The award-winning Venice House by Sebastian Mariscal has been published worldwide as a celebrated example of warm modernism. Configured as a compound of structures connected by formal outdoor spaces, the result is a heightened integration of nature into daily life. Interior spaces open via solid mahogany lift-and-slide pocket doors to interface with exterior patios, courtyards and rooftop gardens creating expertly crafted indoor-outdoor living. Two outdoor fireplaces complement a dining pavilion and lounge area. A sensuous palette of mahogany windows and extensive custom casework is balanced with finely detailed ebony-stained cedar siding. Mature trees include California Live Oak and Japanese Magnolia, offering tranquil seclusion in a quiet part of Venice close to the vibrant dining and shopping scene of Abbott Kinney Blvd. Featuring Miele appliances, TOTO fixtures including Neorest Japanese toilets and whole-property water filtering. Built in 2013 and offered for the first time.
A screen divides an entry porch from the first of several private courtyards and outdoor areas. The home is clad in ebony-stained cedar siding, which contrasts with mahogany casework.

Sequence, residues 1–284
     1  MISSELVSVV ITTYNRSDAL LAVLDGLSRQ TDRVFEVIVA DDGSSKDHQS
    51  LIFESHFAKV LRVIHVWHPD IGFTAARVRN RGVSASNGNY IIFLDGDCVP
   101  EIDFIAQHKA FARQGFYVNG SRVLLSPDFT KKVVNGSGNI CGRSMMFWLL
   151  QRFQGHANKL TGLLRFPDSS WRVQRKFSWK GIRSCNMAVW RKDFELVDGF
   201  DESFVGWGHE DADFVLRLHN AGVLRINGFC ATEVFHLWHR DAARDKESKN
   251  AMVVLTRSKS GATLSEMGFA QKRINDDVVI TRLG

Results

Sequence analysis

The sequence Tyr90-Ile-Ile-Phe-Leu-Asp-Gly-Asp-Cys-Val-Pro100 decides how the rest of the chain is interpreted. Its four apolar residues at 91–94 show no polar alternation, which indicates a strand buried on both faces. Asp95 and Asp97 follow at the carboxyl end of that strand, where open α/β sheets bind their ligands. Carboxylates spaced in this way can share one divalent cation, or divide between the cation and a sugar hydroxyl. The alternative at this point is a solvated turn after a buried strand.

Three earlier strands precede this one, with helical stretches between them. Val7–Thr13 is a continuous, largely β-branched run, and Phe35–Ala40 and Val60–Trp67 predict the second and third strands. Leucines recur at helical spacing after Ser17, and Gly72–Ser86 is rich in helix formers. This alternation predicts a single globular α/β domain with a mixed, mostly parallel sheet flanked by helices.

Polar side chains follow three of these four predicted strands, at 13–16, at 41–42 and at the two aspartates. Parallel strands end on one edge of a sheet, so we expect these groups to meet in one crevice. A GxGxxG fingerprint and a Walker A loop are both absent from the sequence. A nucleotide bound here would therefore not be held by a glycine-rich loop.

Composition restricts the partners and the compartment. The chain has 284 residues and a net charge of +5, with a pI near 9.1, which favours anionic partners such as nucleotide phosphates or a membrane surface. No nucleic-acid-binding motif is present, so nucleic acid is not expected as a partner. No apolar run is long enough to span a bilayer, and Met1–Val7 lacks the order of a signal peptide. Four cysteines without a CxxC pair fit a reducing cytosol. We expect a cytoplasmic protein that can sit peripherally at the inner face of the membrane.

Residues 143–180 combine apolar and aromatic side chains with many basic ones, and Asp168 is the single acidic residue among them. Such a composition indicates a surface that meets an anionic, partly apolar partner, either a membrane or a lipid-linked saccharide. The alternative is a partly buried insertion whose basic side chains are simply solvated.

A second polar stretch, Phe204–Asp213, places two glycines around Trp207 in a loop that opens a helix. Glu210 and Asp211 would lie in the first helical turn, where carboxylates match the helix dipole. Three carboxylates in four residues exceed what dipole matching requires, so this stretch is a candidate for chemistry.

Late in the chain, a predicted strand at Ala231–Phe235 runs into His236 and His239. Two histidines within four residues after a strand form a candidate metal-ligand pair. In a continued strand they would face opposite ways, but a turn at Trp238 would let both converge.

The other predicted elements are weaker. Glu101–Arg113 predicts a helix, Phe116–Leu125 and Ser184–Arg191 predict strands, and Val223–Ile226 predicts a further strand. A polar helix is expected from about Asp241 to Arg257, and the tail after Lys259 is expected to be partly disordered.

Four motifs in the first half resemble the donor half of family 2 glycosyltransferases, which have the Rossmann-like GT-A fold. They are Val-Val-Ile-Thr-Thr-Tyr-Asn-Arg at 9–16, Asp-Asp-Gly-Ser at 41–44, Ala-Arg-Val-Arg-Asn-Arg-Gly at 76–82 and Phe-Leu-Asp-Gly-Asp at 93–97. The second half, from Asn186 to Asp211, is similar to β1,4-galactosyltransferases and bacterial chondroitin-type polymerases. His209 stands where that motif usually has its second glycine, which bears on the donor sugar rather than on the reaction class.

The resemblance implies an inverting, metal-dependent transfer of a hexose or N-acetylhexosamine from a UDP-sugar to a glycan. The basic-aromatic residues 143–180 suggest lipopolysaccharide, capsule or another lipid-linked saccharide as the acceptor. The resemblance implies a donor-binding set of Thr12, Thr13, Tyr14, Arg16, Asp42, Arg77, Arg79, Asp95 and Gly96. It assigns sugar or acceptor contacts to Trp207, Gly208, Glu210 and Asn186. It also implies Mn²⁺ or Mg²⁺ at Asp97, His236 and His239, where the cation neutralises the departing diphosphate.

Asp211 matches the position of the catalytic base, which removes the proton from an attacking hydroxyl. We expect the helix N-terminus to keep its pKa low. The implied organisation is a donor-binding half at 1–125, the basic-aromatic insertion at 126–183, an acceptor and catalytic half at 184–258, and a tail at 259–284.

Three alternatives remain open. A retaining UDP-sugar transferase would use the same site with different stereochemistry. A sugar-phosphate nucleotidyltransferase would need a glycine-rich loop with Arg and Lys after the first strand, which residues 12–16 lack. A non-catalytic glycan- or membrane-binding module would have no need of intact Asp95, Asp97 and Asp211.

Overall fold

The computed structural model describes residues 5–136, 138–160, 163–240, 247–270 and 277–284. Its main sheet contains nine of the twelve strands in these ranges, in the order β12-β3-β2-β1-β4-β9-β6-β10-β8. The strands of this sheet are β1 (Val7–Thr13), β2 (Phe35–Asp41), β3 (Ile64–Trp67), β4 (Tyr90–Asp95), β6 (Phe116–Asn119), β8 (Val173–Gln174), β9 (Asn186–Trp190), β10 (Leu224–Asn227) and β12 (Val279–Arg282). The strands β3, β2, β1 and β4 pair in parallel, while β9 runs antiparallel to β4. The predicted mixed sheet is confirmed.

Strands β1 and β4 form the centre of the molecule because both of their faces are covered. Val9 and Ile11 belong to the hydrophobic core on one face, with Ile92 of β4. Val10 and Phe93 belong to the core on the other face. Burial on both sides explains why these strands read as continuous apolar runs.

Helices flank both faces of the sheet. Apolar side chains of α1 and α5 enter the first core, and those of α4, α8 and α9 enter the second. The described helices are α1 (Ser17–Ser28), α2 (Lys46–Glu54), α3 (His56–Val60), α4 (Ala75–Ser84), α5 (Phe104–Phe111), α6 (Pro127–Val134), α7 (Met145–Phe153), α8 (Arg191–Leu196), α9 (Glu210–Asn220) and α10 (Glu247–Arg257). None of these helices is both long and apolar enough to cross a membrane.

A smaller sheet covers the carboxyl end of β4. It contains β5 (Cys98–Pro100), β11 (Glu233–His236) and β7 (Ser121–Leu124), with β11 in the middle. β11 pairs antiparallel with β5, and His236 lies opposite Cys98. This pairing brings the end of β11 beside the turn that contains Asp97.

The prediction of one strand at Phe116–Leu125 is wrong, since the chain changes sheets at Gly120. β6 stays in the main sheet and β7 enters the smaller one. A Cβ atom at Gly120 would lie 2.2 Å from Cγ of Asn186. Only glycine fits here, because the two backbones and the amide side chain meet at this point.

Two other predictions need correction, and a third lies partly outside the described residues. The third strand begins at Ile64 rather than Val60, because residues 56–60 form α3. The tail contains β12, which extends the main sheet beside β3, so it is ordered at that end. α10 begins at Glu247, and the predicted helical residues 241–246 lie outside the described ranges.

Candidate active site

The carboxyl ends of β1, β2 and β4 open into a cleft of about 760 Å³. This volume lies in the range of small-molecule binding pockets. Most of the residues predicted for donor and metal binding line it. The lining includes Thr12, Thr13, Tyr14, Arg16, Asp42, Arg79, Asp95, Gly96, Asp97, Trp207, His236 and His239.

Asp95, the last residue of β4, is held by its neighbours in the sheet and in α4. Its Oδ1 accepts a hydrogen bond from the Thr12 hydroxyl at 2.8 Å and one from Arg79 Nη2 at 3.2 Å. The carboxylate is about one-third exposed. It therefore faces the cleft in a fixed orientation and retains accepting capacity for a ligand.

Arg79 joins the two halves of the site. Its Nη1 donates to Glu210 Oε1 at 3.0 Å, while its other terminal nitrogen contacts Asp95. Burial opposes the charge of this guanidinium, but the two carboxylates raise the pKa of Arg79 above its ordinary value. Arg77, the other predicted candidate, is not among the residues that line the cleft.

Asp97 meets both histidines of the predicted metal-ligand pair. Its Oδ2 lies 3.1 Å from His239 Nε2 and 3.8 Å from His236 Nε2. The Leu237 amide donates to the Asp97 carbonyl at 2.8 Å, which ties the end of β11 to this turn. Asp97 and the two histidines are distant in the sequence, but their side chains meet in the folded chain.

The entryway opens into a courtyard overlooking the main living pavilion. Throughout the home, interior spaces flow into outdoor areas via folding and sliding glass doors.
The living area is bordered on two sides by separate courtyards.
Another view from the same courtyard.
Today, a California live oak blocks a view from the street, and a massive pine sits in the front courtyard—in addition to a Japanese maple, bamboo, and other specimens. Here is a look into the second courtyard and a covered patio off the kitchen.
A covered dining area marks the end of the communal areas, with a door leading to the master bedroom.
A private deck sits just off the master bedroom.
A private outdoor space connects the master bathroom with the home gym. The residence has TOTO fixtures (including Neorest Japanese toilets) and a property-wide water filtration system.
Another view of the master bath courtyard, which is lined with Eco Arbor Designs deck tiles and features a ceramic Peanut planter by John Follis for Architectural Pottery from Vessel.
Stairs lead up to a rooftop deck that adjoins a media space and two guest bedrooms. “We wanted to have this idea that you can be in your own private space, integrated with nature, and you don’t know that someone else is in a room next to you or around the corner,” Sylvester says.